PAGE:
Former Vice President Joe Biden is having the time of his life teasing us with his apparent willingness to go toe-to-toe with President Trump in 2020.

The prospect of a Biden presidential run has been an idea fed by lot of big-name Democrats who are absolutely convinced Biden is the only one who can beat Trump.

Talk of another Biden presidential run started during the 2016 campaign. The target then wasn’t Trump, but Hillary Clinton. A lot of Democrats simply didn’t like Clinton and didn’t believe she could beat Trump. More than a handful of nervous Democrats back then relentlessly implored Biden to jump into the Democratic presidential primary race. But Biden said nothing, and for good reason. By then, it was way too late in the game for him to jump in. Clinton was going to be the Democratic nominee, no matter what.

Clinton had months to build a strong support base among Democratic Party leaders. She corralled endorsements from labor and education unions, and won the support of a slew of top Democratic members, as well as local and state elected officials around the country. She secured a massive campaign war chest and locked down support among many black, Hispanic, LGBT and women’s groups and leaders.

Now fast forward to 2020. It’s true that much of Clinton’s Democratic Party base would rally around a Biden candidacy. Anyone who publicly boasts that he’d beat the hell out of Trump, as Biden quipped in March 2018, would find support among Democrats, many independents and legions of Trump loathers. Though he later apologized for getting in the street with Trump, Biden said it, and many would give him high marks for that.

Yet, beating Trump in a head-to-head matchup is another matter. Though some polls show Biden as the Democrat’s favorite, the former vice president has more than a little questionable baggage.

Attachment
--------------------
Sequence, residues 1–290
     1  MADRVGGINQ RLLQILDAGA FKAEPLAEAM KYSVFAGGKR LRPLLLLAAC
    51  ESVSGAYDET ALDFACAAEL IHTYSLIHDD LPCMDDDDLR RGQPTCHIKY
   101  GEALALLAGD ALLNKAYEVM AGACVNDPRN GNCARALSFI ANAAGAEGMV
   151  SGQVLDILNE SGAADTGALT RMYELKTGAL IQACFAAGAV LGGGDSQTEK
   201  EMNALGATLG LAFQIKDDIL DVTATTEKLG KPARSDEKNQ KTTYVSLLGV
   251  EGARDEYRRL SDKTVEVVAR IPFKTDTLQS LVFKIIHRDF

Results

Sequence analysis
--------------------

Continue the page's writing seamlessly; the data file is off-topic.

First, he is too strongly identified with former President Barack Obama. Trump would Obama-bait him to death. Another thing is he would also be competing for the same voters in the four or five must-win states that put Trump over the top — white, blue collar and rural males without a college education.

There’s also a lot of collective amnesia about Biden’s past forays into the presidential arena, which were utter disasters. His earthy appeal did not translate into any substantial support in either 1988 or 2008.

In 1988 he was dogged by accusations of plagiarism and fabrication in his speeches, as well as self-aggrandizing references to his past. He soon dropped out of the race.

In 2008, Biden did even worse, failing to get a single percentage point in votes in the Democratic presidential Iowa caucus balloting. Again, he quickly dropped out of the race.

Another question relates to his age. Biden will turn 78 two weeks after Election Day 2020. This would make him the oldest incoming president in US history.

Then there’s Anita Hill. During his recent book tour, Biden himself made mention of how much of a minefield that could be for him. During the Kavanaugh confirmation hearings, there were times it seemed Biden was as much on the spot as Kavanaugh for pillorying Hill when he sat on the Senate Judiciary Committee during the Clarence Thomas confirmation hearings in 1991.

There’s little evidence that Biden, if he chooses to run, could deflect assaults from the GOP over his gaffes, his close relationship with Obama, and his abysmal failures to mount any kind of credible campaign during the times he was an actual  candidate.

And finally, Biden would not be jumping into the presidential race to rescue the party from a supposed pack of languid, uninspiring and flawed contenders. There’s Elizabeth Warren, Bernie Sanders, three or four Democratic senators, and Clinton. They all have name recognition, a lot of party cheerleaders and, in a few cases, fresh faces.

Biden would just add another name to the list — one that will carry its own set of baggage that could wear him down and maybe even out in a head-to-head battle with Trump.

Earl Ofari Hutchinson is the author of “Who Can Beat Trump?” (Amazon ebook), a frequent MSNBC contributor and an associate editor with New America Media. He is also a weekly co-host of “The AlSharpton Show” on Radio One, and host of the weekly “Hutchinson Report” on KPFK, 90.7 FM, Los Angeles, and the Pacifica Network.